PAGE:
Qualcomm warning shows semiconductor shortages are spreading
Qualcomm Inc. and its partners are struggling to adjust to a vigorous rebound in demand.
Qualcomm Inc., the world's largest smartphone chipmaker, warned it is struggling to meet demand, signaling that a global semiconductor shortage is spreading.
“The shortage in the semiconductor industry is across the board,” said incoming Chief Executive Officer Cristiano Amon.
Like most chipmakers, Qualcomm outsources production to companies such as Taiwan Semiconductor Manufacturing Co. and Samsung Electronics Co. These suppliers are trying and so far failing to adjust to a vigorous rebound in demand. The auto sector has complained about this recently, but Qualcomm's comments show the problems are broader.
When the Covid-19 pandemic first struck in early 2020, chip orders initially collapsed. But remote work and studying has spurred demand for computers, while car buying has surged as people avoid public transport. That, in turn, has caused auto and electronics makers to re-up their chip purchases.
Amon said orders for chips that run computers, cars and many other internet-connected devices are swamping the industry, which mostly relies on just a handful of factories in Asia. Supply should improve in the second half of 2021, he added.
Qualcomm shares fell about 6% in extended trading. The stock closed at $162.30 on Wednesday in New York, leaving it up 6.5% in 2021.
The company also reported quarterly results on Wednesday and gave an upbeat forecast. However, that didn't satisfy some analysts and investors who have become more bullish on Qualcomm recently.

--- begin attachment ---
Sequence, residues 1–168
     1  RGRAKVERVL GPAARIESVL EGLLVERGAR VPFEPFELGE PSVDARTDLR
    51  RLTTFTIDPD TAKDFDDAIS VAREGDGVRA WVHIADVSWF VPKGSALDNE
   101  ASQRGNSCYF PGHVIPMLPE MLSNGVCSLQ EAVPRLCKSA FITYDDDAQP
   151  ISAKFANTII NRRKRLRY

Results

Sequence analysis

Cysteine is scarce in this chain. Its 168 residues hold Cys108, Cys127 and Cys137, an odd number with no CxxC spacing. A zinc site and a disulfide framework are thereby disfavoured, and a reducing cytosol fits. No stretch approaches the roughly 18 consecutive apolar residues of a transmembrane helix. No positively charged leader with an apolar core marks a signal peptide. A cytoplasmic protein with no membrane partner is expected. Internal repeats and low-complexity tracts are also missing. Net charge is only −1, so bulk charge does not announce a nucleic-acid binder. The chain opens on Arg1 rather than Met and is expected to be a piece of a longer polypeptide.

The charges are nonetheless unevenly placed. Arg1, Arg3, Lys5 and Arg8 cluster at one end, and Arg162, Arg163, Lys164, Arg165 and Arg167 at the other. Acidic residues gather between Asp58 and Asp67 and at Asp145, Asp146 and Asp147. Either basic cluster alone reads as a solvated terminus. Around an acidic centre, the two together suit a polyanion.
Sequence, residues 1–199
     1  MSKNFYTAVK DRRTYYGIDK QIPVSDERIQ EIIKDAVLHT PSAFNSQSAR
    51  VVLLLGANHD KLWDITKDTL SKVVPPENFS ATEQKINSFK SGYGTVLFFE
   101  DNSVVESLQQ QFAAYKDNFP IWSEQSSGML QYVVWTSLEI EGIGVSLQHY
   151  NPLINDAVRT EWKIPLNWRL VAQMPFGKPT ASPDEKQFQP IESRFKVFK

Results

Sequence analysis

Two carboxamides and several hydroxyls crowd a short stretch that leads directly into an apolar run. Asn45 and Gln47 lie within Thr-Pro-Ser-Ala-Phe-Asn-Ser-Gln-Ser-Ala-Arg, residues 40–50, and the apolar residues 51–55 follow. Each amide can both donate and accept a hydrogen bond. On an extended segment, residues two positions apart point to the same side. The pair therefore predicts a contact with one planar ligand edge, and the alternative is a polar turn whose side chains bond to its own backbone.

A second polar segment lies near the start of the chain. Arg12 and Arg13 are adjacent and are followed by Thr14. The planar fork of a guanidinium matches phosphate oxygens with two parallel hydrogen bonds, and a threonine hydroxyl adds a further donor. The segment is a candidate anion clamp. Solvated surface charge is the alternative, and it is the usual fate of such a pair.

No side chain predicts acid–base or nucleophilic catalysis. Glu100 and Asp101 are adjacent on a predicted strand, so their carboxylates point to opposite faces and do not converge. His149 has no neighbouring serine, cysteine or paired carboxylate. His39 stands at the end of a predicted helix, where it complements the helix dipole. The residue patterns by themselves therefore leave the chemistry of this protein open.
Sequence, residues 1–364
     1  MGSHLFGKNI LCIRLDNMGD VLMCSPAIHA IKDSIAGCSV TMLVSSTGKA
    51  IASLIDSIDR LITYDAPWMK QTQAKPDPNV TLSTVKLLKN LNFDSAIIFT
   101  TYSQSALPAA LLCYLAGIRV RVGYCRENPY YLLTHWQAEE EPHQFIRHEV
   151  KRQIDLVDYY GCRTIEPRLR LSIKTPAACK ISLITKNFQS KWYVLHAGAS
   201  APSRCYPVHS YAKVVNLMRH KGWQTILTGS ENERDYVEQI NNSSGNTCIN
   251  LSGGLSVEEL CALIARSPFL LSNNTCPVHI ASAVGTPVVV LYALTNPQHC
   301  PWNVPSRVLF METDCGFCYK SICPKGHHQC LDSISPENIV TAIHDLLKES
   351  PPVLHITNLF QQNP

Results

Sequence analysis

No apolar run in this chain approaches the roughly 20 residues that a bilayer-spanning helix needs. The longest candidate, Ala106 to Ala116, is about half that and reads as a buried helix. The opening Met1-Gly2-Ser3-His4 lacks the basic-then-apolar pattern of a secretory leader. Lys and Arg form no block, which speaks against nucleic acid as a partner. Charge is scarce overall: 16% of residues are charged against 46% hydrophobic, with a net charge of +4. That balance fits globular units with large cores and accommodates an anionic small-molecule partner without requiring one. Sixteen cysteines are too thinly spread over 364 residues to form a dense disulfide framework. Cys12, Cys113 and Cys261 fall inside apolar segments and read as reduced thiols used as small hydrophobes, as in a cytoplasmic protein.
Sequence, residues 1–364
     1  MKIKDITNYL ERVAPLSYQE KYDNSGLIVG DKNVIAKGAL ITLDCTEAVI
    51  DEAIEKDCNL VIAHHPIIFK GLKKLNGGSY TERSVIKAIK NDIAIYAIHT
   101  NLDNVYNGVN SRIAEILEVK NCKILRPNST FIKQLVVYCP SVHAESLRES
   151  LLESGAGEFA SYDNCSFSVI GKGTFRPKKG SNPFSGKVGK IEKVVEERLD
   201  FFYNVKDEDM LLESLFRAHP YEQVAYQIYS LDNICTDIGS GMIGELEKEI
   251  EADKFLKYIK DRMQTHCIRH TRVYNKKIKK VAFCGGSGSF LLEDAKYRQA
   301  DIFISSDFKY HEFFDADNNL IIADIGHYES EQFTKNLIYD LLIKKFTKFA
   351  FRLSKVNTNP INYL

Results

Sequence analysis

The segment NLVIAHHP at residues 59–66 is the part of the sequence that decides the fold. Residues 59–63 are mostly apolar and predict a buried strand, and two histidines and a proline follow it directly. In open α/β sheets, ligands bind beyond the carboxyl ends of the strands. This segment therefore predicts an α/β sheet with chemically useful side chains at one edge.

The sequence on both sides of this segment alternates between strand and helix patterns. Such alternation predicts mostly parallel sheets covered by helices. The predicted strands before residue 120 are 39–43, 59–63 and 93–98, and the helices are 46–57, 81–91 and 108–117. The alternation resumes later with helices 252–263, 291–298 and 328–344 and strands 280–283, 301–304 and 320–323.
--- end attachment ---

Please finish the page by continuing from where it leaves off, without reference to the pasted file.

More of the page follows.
Outgoing CEO Steve Mollenkopf said Qualcomm's performance was curbed by supply constraints.
Apple Inc., a major Qualcomm customer, said last week that sales of high-end iPhone 12 models were limited by the availability of some components. Earlier on Wednesday, General Motors Co. warned that a global semiconductor shortage will reduce production this year as the carmaker plans downtime at three plants.
Qualcomm is the biggest maker of chips that connect smartphones to wireless networks and also supplies processors that give the devices their computer-like capabilities. With customers including Apple and Samsung, the company's projections are a closely watched indicator of the health of the mobile phone market.In its fiscal first quarter, Qualcomm said revenue was $8.24 billion, a gain of 62% from a year earlier. Analysts, on average, projected $8.25 billion. Net income was $2.12 a share. Excluding certain items, profit was $2.17 a share, compared with Wall Street's average estimate of $2.09. Last month, Qualcomm said Amon will succeed Mollenkopf, who will retire in June.
By Ian King